LO 3.25 The student can create a visual representation to illustrate how changes in a DNA nucleotide sequence can result in a change in the polypeptide produced. [See SP 1.1]

LO 3.26 The student is able to explain the connection between genetic variations in organisms and phenotypic variations in populations. [See SP 7.2]


Essential knowledge 3.C.2: Biological systems have multiple processes that increase genetic variation.

a. The imperfect nature of DNA replication and repair increases variation.

b. The horizontal acquisitions of genetic information primarily in prokaryotes via transformation (uptake of naked DNA), transduction (viral transmission of genetic information), conjugation (cell-to-cell transfer) and transposition (movement of DNA segments within and between DNA molecules) increase variation. [See also 1.B.3]


Learning Objectives:

LO 3.27 The student is able to compare and contrast processes by which genetic variation is produced and maintained in organisms from multiple domains. [See SP 7.2]

LO 3.28 The student is able to construct an explanation of the multiple processes that increase variation within a population. [See SP 6.2]


Essential knowledge 3.C.3: Viral replication results in genetic variation, and viral infection can introduce genetic variation into the hosts.

a. Viral replication differs from other reproductive strategies and generates genetic variation via various mechanisms. [See also 1.B.3]

Evidence of student learning is a demonstrated understanding of each of the following:

1. Viruses have highly efficient replicative capabilities that allow for rapid evolution and acquisition of new phenotypes.

2. Viruses replicate via a component assembly model allowing one virus to produce many progeny simultaneously via the lytic cycle.

3. Virus replication allows for mutations to occur through usual host pathways.

4. RNA viruses lack replication error-checking mechanisms, and thus have higher rates of mutation.

5. Related viruses can combine/recombine information if they infect the same host cell.

6. HIV is a well-studied system where the rapid evolution of a virus within the host contributes to the pathogenicity of viral infection.

b. The reproductive cycles of viruses facilitate transfer of genetic information.

Evidence of student learning is a demonstrated understanding of each of the following:

1. Viruses transmit DNA or RNA when they infect a host cell. [See also 1.B.3]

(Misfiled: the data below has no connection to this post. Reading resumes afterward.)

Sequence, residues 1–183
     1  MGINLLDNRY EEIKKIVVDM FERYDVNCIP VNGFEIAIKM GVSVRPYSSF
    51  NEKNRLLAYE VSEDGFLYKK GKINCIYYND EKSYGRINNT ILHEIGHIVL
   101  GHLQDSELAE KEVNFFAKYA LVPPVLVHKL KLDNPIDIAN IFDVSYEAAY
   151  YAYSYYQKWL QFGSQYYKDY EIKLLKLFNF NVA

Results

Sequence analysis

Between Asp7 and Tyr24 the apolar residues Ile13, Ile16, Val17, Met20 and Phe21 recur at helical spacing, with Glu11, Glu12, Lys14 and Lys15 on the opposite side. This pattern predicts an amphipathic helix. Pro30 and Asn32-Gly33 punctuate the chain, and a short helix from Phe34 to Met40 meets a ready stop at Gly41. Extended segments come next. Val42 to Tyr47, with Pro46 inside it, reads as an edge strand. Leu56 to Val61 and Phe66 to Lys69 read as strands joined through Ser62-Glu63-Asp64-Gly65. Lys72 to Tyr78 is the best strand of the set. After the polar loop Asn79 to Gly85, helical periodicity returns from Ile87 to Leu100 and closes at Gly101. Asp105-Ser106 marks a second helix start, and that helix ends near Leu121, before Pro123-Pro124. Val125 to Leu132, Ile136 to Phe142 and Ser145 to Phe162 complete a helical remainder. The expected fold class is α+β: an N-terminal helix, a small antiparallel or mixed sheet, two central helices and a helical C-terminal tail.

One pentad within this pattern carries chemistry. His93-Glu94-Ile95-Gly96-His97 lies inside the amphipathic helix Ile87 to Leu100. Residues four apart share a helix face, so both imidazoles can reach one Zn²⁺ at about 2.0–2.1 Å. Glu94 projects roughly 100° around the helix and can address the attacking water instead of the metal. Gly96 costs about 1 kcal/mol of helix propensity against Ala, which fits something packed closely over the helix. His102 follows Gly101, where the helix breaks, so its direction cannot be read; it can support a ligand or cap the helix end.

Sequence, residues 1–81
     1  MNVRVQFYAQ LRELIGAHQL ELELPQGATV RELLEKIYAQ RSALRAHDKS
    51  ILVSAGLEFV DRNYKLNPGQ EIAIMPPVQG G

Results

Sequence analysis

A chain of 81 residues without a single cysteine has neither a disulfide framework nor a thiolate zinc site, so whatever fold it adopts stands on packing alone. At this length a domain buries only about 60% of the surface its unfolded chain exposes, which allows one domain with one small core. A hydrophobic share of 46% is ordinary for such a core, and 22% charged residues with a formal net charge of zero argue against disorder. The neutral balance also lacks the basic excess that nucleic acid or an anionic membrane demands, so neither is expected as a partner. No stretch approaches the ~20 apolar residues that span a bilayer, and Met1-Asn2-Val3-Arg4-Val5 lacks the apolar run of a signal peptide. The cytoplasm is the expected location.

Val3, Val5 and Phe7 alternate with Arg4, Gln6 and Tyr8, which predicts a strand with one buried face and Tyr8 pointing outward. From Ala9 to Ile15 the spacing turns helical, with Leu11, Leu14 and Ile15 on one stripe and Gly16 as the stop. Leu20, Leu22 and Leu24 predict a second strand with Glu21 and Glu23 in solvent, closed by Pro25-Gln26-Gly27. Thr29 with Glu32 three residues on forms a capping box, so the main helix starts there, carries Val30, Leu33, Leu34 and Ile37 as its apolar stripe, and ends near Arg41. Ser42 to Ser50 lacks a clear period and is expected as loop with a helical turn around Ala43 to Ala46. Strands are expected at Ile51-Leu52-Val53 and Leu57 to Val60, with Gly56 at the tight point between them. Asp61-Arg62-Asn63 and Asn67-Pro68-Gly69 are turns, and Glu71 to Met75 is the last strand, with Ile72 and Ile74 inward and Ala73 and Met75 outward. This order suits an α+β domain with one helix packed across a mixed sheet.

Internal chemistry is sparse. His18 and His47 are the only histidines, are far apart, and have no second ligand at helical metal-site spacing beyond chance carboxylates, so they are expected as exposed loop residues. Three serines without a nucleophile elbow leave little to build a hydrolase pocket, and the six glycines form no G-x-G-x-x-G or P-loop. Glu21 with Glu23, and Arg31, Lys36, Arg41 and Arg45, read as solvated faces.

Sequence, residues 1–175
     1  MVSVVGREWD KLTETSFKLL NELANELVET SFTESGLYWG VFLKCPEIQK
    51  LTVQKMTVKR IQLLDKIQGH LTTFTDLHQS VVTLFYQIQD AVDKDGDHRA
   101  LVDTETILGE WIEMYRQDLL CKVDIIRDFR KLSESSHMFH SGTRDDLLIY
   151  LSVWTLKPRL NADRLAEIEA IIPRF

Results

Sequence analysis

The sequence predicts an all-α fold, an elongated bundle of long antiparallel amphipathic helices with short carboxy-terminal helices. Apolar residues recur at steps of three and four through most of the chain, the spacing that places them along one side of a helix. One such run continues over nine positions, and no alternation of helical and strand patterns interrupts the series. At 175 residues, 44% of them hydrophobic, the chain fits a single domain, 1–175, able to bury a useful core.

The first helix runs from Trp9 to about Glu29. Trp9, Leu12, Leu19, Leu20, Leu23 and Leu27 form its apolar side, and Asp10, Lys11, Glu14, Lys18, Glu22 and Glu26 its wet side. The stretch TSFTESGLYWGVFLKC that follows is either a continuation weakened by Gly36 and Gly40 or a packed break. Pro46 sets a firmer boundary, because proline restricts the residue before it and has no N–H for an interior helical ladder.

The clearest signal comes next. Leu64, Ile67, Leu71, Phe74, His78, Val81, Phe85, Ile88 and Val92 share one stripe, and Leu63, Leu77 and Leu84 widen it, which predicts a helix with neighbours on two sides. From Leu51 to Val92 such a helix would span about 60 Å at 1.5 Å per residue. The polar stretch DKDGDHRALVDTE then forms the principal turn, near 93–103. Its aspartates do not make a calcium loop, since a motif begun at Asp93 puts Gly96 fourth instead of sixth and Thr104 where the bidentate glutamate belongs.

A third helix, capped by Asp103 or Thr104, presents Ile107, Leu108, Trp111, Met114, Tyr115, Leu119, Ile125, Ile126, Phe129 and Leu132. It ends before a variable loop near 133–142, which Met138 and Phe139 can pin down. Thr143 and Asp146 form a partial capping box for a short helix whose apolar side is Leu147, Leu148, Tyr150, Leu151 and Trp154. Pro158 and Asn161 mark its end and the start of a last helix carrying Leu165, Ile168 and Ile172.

To foster student understanding of this concept, instructors can choose an

illustrative example such as:


2. Some viruses are able to integrate into the host DNA and establish a latent (lysogenic) infection. These latent viral genomes can result in new properties for the host such as increased pathogenicity in bacteria.


Learning Objectives:

LO 3.29 The student is able to construct an explanation of how viruses introduce

genetic variation in host organisms. [See SP 6.2]

LO 3.30 The student is able to use representations and appropriate models to

describe how viral replication introduces genetic variation in the viral population.

[See SP 1.4]


Enduring understanding 4.A: Interactions within biological systems lead to complex properties.


Essential knowledge 4.A.3: Interactions between external stimuli and regulated gene expression result in specialization of cells, tissues and organs.

a. Differentiation in development is due to external and internal cues that trigger gene regulation by proteins that bind to DNA. [See also 3.B.1, 3. B.2]

b. Structural and functional divergence of cells in development is due to expression of genes specific to a particular tissue or organ type. [See also 3.B.1, 3.B.2]

c. Environmental stimuli can affect gene expression in a mature cell. [See also 3.B.1, 3.B.2]


Learning Objective:

LO 4.7 The student is able to refine representations to illustrate how interactions between external stimuli and gene expression result in specialization of cells, tissues and organs. [See SP 1.3]


Enduring understanding 4.C: Naturally occurring diversity among and between components within biological systems affects interactions with the environment.


Essential knowledge 4.C.1: Variation in molecular units provides cells with a wider range of functions.

a. Variations within molecular classes provide cells and organisms with a wider range of functions. [See also 2.B.1, 3.A.1, 4.A.1, 4.A.2]

To foster student understanding of this concept, instructors can choose an illustrative example such as:


Learning Objective:

LO 4.22 The student is able to construct explanations based on evidence of how variation in molecular units provides cells with a wider range of functions. [See SP 6.2]